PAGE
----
And ne'er a queenly bloom or peasant bud
Shall be her peer within comparison.

There are who take you with a storm of words,
Of sport or sentiment; and to and fro
Bandy your laughter or some heavier thing.
There are who open all the heart at once,
Light found, light lost-'tis scarcely worth one's while
To ask what's given with so liberal grace.
There are who fence them in with many thorns
Of giggling shyness : when your finger's pricked
You find you've scrambled for a foolish thing
Not worth your silly wearing when it's won,
Not such is she: she has no storm of words,
Pelting like hail-drops till you hide your face;
No bread-and-butter sentiment has she
For a fourth cup of gossip round the urn-
But she is outward cold and calm of eye,
Pale-browed, low-voiced, and round her as she moves
There is an atmosphere of gracefulness,

Inseparate as fragrance from the rose,
Or gentle chimings from a running water.
Once and again most heedlessly you gaze
On the white marble of her lineaments,
And on her half-proud eye, and turn away:
Once and again you see the many shafts
Of vulgar flattery or of common saws,
Slip on the polished ice of her disdain-
And ask yourself, perhaps, “Has she a heart ?"
But a few months, and now through all your dreams
There is a still sweet face, a low sweet voice,
An cye, deep-calm as some rock-cinctured bay,
A gentle form, a footstep that you know,
Which makes strange tunes go moving through your brain.

And there are times when silent actions speak
Of quiet principle; as bells of foam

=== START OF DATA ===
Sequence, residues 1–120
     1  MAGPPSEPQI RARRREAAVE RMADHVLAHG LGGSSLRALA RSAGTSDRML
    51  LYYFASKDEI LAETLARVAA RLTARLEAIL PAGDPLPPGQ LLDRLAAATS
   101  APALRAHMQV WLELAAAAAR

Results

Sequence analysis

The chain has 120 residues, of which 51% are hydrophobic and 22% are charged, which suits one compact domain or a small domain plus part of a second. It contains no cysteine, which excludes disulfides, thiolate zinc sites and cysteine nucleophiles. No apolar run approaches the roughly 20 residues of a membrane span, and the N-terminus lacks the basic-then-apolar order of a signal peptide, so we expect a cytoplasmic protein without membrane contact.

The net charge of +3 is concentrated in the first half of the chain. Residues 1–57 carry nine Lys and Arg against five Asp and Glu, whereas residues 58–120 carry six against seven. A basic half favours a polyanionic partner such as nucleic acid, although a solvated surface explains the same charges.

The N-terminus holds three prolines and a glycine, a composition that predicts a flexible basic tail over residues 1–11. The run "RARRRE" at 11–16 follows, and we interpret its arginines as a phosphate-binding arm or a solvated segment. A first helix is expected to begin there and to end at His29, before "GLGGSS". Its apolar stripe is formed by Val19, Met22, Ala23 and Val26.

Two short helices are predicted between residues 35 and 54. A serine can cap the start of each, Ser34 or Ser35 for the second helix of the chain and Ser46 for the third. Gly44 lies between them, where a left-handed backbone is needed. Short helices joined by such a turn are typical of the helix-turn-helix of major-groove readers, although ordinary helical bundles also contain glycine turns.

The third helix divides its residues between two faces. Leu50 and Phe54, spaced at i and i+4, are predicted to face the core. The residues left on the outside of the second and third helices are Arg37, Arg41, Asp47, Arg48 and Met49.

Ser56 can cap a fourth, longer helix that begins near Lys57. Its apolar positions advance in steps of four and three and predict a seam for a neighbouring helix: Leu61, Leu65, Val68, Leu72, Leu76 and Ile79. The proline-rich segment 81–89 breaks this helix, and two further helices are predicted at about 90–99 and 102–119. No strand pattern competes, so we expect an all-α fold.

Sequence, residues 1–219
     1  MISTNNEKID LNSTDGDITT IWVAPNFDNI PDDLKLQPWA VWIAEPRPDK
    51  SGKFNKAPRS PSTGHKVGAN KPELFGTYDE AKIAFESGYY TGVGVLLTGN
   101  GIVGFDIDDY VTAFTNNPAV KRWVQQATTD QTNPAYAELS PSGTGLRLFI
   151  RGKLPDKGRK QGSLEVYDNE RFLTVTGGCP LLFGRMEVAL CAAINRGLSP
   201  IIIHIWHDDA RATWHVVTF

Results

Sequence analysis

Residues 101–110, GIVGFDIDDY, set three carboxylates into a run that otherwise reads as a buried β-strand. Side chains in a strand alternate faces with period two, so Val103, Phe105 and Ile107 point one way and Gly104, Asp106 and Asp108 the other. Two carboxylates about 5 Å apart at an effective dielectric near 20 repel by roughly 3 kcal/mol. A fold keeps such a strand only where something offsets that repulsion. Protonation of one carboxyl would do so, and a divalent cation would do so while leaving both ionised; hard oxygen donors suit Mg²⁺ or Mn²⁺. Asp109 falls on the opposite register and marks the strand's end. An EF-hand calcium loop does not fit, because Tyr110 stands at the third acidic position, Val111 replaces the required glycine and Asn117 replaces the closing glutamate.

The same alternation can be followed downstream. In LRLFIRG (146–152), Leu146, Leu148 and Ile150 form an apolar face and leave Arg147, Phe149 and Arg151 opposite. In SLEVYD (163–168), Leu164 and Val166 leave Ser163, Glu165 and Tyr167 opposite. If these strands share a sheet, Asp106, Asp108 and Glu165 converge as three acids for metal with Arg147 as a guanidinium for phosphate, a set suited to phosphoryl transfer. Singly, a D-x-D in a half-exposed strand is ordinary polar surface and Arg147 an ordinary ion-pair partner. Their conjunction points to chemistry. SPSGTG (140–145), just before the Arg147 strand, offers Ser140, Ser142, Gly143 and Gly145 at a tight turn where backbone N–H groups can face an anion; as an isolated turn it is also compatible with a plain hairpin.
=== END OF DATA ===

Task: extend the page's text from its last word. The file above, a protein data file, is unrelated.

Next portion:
Cluster'd in silence where the current works,
Show the deep meaning of the under-tide.
And there are times when strongly-fix'd reserve
Betrays some casual lesson, learn'd in ways
Too high and holy for a lightsome strain.
And there are times when something passes o'er
The brow of snow, a flash of rosy light;
Win, if you can, that alabaster vase,
There is a lamp of precious oil within!
Others more startling and more beautiful,
None half so gentle, so expansive none :
Others more rich in gew-gaw words of course,
None half so dear in womanly reserve:
Not cold, but pure; not proud, but taught to know
That the heart's treasure is a holy thing;
Not loving many, not of many loved,
Yet loving well, and loved beyond compare ;
A light too gentle, save for purgèd eye
Of some young poet lapped in dreams divine;
A flower too delicate for vulgar scent,
Leading a purer life within its sheath,
Fed without noise, on silver drops of Heaven !

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IRISI PROPRIETORSHIP.

To what guidance is Ireland now to be consigned? By what influence is she to be directed ? Directed she must be. As well might the tottering footsteps of helpless infancy be left to struggle un aided in their embarrassed course, as the people of Ireland be abandoned in the helplessness of their ignorance, in. dolence, and wretchedness, to their own unassisted guidance. They have been rescued the country, thank God, has been rescued from the attempts of the republicans and revolutionists; we have been preserved from the con trol of that wicked party whose de. clared object was confiscation, and the overthrow of all existing institutions; whose avowed instrument was terror. To whom, then, are the people of Ireland to be consigned ? Is there any class in existence--can any class be created-or can any existing class be so modified as to be peculiarly adapted, from their position and influence, to spread among the people that know. ledge, energy, and self-reliance which can alone raise them from their present degradation, and place them in the manly attitude of independence ?